Supporters of the opposition National Democratic Congress (NDC) sing, dance and gesture on the main road of the Electoral Commission, in Accra, Ghana, on December 8, 2020, as Ghanaians await results of presidential and parliamentary elections that passed off peacefully, reaffirming the country’s reputation for stability in a troubled region. Results are expected to be close between President Nana Akufo-Addo, 76, of the centre-right New Patriotic Party (NPP) running for a second term, and his predecessor, John Mahama, of the centre-left National Democratic Congress (NDC). PIUS UTOMI EKPEI / AFP
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Ghana’s Opposition Supporters Protest Against Election Results

Police in the Ghanaian capital Accra used water cannon on Thursday to disperse opposition supporters contesting the results of presidential elections.

Incumbent President Nana Akufo-Addo won the December 7 vote with 51.59 percent ahead of long-time rival John Mahama, with 47.36 percent, according to official figures.

Some 200 Mahama supporters wearing red and black marched to the headquarters of Ghana’s Electoral Commission, carrying placards contesting the results.

They burned tyres in the middle of the road, causing a heavy traffic jam. Similar protests were held in other regions.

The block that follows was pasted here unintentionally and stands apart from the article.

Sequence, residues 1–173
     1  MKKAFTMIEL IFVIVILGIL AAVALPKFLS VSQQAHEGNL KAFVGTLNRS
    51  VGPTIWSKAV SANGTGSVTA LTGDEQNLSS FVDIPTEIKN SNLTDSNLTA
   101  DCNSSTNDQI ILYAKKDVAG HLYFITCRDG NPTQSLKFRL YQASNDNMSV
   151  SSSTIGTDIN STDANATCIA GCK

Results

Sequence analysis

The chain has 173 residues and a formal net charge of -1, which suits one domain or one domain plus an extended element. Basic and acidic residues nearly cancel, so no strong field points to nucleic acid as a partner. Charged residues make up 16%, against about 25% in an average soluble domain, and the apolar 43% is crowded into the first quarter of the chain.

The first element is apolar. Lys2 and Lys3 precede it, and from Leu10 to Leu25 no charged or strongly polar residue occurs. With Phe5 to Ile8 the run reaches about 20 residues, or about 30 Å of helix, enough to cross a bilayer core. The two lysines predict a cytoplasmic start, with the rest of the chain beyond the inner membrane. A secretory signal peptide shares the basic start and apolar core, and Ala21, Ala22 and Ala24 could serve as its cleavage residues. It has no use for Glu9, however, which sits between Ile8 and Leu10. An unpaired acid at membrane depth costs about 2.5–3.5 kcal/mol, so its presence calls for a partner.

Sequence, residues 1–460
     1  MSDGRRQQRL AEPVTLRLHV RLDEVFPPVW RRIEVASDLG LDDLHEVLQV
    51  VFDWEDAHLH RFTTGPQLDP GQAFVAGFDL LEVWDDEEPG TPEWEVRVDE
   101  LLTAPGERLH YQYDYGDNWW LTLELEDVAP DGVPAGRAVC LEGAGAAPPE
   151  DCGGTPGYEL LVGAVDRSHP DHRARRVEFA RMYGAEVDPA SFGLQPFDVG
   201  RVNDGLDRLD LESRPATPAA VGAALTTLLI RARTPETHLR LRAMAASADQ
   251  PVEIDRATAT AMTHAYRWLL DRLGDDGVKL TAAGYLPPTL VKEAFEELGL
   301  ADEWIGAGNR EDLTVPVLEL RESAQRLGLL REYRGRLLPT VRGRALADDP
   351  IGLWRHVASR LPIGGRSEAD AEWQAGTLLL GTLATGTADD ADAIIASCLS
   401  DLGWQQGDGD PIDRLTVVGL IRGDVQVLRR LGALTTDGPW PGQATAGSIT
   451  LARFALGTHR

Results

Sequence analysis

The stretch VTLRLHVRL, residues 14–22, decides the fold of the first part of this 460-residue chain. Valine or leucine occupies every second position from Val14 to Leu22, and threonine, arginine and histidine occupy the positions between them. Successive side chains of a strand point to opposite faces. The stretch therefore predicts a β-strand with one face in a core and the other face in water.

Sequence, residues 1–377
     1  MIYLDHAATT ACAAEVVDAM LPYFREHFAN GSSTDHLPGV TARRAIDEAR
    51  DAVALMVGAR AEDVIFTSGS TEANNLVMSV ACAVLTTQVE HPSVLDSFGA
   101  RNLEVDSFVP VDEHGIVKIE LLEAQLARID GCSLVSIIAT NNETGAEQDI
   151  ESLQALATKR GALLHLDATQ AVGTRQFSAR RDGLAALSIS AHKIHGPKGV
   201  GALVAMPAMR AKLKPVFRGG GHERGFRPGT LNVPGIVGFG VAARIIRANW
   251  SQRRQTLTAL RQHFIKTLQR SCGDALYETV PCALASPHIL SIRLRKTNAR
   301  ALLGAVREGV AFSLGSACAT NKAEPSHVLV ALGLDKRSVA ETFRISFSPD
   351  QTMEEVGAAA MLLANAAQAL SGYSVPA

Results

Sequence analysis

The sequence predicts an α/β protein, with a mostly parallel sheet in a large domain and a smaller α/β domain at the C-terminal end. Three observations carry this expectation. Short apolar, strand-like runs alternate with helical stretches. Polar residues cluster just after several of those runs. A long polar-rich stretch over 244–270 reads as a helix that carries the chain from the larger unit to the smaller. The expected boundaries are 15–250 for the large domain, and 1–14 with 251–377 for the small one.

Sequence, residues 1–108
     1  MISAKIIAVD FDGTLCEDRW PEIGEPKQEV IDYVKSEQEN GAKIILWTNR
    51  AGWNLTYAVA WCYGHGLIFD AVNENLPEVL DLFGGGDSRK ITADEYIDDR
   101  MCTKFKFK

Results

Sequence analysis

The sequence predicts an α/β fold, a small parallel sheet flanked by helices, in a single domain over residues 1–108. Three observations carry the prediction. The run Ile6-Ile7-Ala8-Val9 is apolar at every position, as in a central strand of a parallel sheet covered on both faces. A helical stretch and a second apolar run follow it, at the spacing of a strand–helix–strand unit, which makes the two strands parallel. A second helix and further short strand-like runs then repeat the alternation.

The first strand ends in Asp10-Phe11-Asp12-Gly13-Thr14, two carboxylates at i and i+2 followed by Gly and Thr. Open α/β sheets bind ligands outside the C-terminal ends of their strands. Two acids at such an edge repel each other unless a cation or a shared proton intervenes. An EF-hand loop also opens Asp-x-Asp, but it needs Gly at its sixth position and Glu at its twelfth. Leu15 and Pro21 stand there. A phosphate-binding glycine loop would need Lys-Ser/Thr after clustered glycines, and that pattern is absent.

Ade Coker, regional chairman of Mahama’s National Democratic Congress (NDC), said the protestors had come with a petition against the outcome of the polls.

“We have engaged in a peaceful march and everyone knows we’re a peaceful party. Suddenly, we heard gunshots and teargas by the police resulting in total chaos,” he said.

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“We won’t be intimidated. We’re ready to protect our victory.”

Police said they intervened to prevent a breakdown of law and order, and the water cannons were used to douse the fire.

Accra’s head of police operations, Kwesi Ofori, said arrests had been made, but declined to give a number.

The elections’ close outcome has fuelled tensions between the NDC and Akufo-Addo’s New Patriotic Party (NPP), with Mahama accusing his rival of abuse of power.

Observers, both Ghanaian and foreign, viewed polling as generally free and fair, but police said five people were killed and 19 injured in election-related violence.

Ghana, a nation of 30 million people, has a reputation for electoral stability in politically volatile West Africa.

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